Centralized Docker container configuration with Tiller


Note : This page may contain outdated information and/or broken links; some of the formatting may be mangled due to the many different code-bases this site has been through in over 20 years; my opinions may have changed etc. etc.

If you’ve been using Docker for a while, you probably know that you can use Tiller to generate configuration files inside your containers. This means you can provide a single container for running in a variety of different environments (think of a web application that needs different database URIs and credentials depending on where it is run).

You can also use it to provide ‘parameterized’ containers - where you allow end-users to provide some aspects of the configuration. For example, the team over at StackStorm are using Tiller and the environment plugin to let users easily configure their containers. I’ve provided a variety of plugins to help with this, and have written about it previously.

There was always a catch, though. Until recently, Tiller obtained configuration from a ‘local’ source - either configuration files bundled in a container, or from environment variables passed in at container run time. This is probably fine for most situations, but did prevent a lot of interesting use-cases. However, the 0.6.x releases now support fetching configuration and templates from a variety of network sources. Currently (as of 0.6.1), you can retrieve data from either a ZooKeeper cluster or a HTTP server, with more services to be supported in later releases.

Update: Tiller now supports Consul!

This is a massive change as it now means you can have a central store for all your container configuration, and opens the door for a whole bunch of really cool possibilities. You could, for example, have a service that allows users to edit configuration files or set parameters through a web interface. Or you could plug Tiller into your automation stack so you can alter container configuration on the fly. You could even use Tiller “on the metal” to configure physical/VM hosts when they boot.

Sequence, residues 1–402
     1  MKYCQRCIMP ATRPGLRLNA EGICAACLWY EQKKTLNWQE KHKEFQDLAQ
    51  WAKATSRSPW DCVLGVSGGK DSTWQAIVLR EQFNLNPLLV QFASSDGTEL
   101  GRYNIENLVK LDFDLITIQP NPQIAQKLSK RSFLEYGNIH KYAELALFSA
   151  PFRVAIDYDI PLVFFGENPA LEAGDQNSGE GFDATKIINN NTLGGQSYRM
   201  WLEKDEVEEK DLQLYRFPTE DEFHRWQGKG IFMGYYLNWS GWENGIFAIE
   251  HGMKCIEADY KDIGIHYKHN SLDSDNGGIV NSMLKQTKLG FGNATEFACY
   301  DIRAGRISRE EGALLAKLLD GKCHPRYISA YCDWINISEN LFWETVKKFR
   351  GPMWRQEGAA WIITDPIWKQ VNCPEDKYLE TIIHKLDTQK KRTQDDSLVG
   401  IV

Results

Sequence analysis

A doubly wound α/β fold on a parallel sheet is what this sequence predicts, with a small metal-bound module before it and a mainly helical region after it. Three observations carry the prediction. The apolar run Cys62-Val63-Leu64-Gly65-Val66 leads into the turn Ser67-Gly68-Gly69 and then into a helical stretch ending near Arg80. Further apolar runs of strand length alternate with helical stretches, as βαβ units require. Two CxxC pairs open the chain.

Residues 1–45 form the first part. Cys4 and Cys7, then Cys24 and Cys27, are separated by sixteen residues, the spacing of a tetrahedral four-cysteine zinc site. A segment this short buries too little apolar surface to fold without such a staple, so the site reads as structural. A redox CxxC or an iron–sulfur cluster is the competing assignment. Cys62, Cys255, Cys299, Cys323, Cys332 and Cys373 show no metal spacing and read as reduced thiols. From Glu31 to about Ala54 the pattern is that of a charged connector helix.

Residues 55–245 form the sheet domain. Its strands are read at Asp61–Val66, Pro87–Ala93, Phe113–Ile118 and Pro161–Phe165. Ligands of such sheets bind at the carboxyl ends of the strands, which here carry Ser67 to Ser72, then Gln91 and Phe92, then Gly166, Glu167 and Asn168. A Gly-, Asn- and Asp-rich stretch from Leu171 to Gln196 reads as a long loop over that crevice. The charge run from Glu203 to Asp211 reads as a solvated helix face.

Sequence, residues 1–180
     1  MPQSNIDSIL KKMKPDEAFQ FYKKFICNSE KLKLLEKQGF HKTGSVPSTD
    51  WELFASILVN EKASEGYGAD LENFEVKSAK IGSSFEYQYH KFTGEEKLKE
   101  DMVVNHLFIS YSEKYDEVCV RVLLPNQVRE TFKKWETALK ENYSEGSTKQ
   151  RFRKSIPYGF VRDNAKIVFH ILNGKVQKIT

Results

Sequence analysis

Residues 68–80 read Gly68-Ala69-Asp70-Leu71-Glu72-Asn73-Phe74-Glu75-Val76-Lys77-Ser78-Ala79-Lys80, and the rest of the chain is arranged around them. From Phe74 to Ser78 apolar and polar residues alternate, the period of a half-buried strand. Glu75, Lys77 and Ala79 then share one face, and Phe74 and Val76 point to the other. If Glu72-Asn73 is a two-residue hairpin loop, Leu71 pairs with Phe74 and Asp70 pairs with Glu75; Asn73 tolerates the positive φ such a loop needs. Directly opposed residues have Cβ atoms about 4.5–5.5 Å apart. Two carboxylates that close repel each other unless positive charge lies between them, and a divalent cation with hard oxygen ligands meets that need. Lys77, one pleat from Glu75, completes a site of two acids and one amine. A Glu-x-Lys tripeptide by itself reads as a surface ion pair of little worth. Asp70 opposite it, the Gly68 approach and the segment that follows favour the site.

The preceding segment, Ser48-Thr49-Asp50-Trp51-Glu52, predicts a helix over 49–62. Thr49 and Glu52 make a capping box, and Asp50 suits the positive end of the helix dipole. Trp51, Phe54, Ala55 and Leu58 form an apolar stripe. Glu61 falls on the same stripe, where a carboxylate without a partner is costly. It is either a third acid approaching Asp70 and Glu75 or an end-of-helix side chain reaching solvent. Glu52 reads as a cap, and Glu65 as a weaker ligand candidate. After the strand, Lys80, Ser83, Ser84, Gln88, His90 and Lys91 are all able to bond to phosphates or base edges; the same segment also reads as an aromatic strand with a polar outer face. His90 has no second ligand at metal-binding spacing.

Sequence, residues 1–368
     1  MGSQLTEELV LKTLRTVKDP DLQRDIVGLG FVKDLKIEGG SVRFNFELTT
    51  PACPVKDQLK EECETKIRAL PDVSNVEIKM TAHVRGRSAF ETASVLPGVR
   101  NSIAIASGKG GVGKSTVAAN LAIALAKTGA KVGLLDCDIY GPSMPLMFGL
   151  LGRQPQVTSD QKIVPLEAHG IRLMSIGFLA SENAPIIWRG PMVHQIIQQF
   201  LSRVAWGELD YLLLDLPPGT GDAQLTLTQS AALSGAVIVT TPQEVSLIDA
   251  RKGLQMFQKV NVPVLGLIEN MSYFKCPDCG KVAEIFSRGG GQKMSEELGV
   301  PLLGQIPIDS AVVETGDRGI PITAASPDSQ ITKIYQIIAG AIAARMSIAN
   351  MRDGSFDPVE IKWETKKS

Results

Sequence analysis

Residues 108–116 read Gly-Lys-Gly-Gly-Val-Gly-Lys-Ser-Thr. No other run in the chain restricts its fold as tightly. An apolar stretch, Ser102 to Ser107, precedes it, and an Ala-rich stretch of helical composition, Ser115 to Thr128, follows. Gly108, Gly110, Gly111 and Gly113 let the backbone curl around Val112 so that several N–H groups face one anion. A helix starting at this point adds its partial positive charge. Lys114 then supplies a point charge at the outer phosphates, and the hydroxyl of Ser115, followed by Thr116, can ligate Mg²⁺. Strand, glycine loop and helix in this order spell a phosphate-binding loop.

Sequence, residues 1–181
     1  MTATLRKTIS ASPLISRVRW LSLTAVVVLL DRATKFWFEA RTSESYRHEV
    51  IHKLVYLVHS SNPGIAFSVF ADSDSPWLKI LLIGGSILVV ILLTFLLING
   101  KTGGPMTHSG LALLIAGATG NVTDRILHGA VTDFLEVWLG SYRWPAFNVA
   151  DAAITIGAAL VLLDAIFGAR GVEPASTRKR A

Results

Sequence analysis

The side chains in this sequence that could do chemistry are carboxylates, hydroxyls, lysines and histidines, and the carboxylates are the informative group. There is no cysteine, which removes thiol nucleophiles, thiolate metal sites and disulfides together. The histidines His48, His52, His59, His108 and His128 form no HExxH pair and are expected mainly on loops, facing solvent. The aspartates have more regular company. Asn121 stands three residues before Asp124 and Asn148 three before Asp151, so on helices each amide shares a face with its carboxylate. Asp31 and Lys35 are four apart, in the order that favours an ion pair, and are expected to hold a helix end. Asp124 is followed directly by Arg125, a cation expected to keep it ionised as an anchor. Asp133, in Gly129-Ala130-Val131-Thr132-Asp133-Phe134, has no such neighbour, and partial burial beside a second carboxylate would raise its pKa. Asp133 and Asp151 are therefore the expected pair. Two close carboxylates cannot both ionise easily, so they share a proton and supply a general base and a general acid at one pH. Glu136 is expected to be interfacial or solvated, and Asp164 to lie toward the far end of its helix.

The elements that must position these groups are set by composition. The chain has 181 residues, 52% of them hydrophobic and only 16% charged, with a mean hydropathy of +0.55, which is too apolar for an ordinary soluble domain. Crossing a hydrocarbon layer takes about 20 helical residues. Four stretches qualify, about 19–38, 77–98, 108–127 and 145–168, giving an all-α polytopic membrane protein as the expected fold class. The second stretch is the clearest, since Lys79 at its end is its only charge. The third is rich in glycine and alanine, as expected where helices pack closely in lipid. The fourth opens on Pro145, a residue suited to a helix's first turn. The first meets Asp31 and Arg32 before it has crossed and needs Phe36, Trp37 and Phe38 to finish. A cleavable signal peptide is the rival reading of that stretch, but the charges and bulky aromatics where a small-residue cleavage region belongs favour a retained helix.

Of course, this does introduce an external dependancy on launching your containers, so you should ensure that before you implement this in a production setting you have carefully considered all your points of failure!

Enabling these plugins is straightforward - simply add them to common.yaml, e.g.

  - file
  - http

  - http
  - file

As with all Tiller plugins, the ordering is significant. In the above example, values from the HTTP data source will take precedence over YAML files, but templates loaded from files will take precedence over templates stored in HTTP. You should tweak this as appropriate for your environment.

You also do not need to enable both plugins; for example you may just want to retrieve values for your templates from a web server, but continue to use files to store your actual template content.

As the HTTP plugins can fetch everything (a list of templates, contents and values) from a webservice, if you accept the defaults your environment configuration blocks can literally now be reduced to :

    uri: 'http://tiller.example.com'

You can check out the documentation for these new plugins over at the Github project page. If you have any suggestions for improvements or feature requests, please feel free to open an issue or leave a comment below!